On March 6th I came home from work late and my 14 year old daughter was up avidly watching a video on the computer. She said it was very important and that I had to watch it. Later that evening I did. It was the Kony 2012 video. (You can see the 30 minute film produced by Invisible Children here.)
When I came into the office the following morning I was thinking of discussing it as a viral phenomena and communicating to my creative team how serious my teenage daughter had been about my watching it. This urgent desire to share something with others is at the heart of a successful viral campaign, and this clearly had the secret sauce.
It turns out that all the 20 somethings in the office had already seen it. They, like my daughter, had heard about it from their friends on Facebook and watched it the night before, probably just as I was watching it.
We watched it again in the office to discuss its construction and were impressed with its effective use of some tools from a classic propaganda toolkit, how it oversimplified things for effect and suggested that if you support this cause and help catch Kony (using the military), that this would somehow solve the complex problem of child abduction in Africa. (See article in Foreign Affairs.)
In the video there were instructions to gather in towns and cities across the nation on April 20th, last Friday night, and help “make Kony famous” by putting up posters at an event called “Cover the night”. My daughter and 4 of her friends made plans to go to Union Square at midnight on the 20th to be a part of it.
I agreed to drive them there and see that the situation was safe, and get them back home as soon as I could.
We arrived at Union Square at just after midnight, and the east side of the park was entirely sealed off with police barricades and a long row of police cars that lined that entire side of the park. Police were standing around everywhere. No sign of Kony-make-famousers though. Maybe the NYPD did not get the memo that there were problems with Invisible Children’s grass roots mobilization. My daughter and her friends had not gotten the memo either.
We drove slowly around to the other side of the park and finally spotted them. There were 6 or 7 lonely looking people and some of the small Kony 2012 posters from the “Kony 2012 Action Kits” attached to a few of the area light posts. The words my teenage passengers used for this somewhat sad scene was, “It’s a huge fail!”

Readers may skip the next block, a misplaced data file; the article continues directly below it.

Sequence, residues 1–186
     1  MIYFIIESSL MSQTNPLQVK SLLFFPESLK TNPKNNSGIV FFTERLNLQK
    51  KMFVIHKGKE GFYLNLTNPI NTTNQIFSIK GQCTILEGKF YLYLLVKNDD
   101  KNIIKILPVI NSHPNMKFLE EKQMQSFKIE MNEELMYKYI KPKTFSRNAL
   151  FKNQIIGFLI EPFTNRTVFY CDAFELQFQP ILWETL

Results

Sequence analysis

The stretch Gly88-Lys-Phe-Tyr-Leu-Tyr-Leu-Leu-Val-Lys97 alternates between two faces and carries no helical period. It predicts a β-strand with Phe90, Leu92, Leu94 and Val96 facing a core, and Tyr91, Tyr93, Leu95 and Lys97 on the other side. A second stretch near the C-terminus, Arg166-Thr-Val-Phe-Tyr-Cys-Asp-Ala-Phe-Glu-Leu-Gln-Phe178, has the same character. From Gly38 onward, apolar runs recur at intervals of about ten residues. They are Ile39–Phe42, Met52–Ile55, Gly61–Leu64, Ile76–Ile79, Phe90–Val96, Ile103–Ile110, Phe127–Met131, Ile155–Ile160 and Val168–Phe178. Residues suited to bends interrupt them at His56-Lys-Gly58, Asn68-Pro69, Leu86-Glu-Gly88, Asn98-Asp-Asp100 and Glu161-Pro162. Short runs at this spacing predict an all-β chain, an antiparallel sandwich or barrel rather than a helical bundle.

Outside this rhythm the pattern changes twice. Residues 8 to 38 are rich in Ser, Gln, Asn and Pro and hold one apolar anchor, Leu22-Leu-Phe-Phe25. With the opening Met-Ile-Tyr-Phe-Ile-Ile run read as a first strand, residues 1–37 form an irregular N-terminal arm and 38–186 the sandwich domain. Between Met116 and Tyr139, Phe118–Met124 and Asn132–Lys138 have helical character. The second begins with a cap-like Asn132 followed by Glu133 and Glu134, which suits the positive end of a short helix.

My daughter and her friends refused to get out of the car. They had expected to see thousands of others, and to join them in the cause and the action. When it turned out that only a few people had shown up, all the air went out if the event. I was told to drive them straight home.
They immediately checked the meet-ups and realized that something had gone wrong. They reported, “80,000 invitees and something like 15 people responded.”
So the Kony movement had died on the vine between its explosive success as a viral video with 70 million views in the first six days and this planned mass action a month and a half later. This may have been a result of dramatically mixed PR heaped on the organization and the campaign in the wake of its success. It also may have had something to do with our ever shortening attention spans. A month and a half in the social media universe is like a lifetime. Some interesting charts relevant to this were put on Mashable yesterday and they show a dramatic decline in on-line attention following the release of the video. It seems that perhaps what is born on social media can die there quite rapidly.
The other phenomenon of interest for our work as marketers is the reaction of my child and her friends when they saw that this event was not broadly supported—they immediately wanted to have nothing to do with it. As they exited my car that night after we drove home, the posters that they had paid $30 to obtain a month before were left crumpled on the floor of the car like so much useless detritus. Their value and importance had collapsed like the Twitter activity surrounding the topic.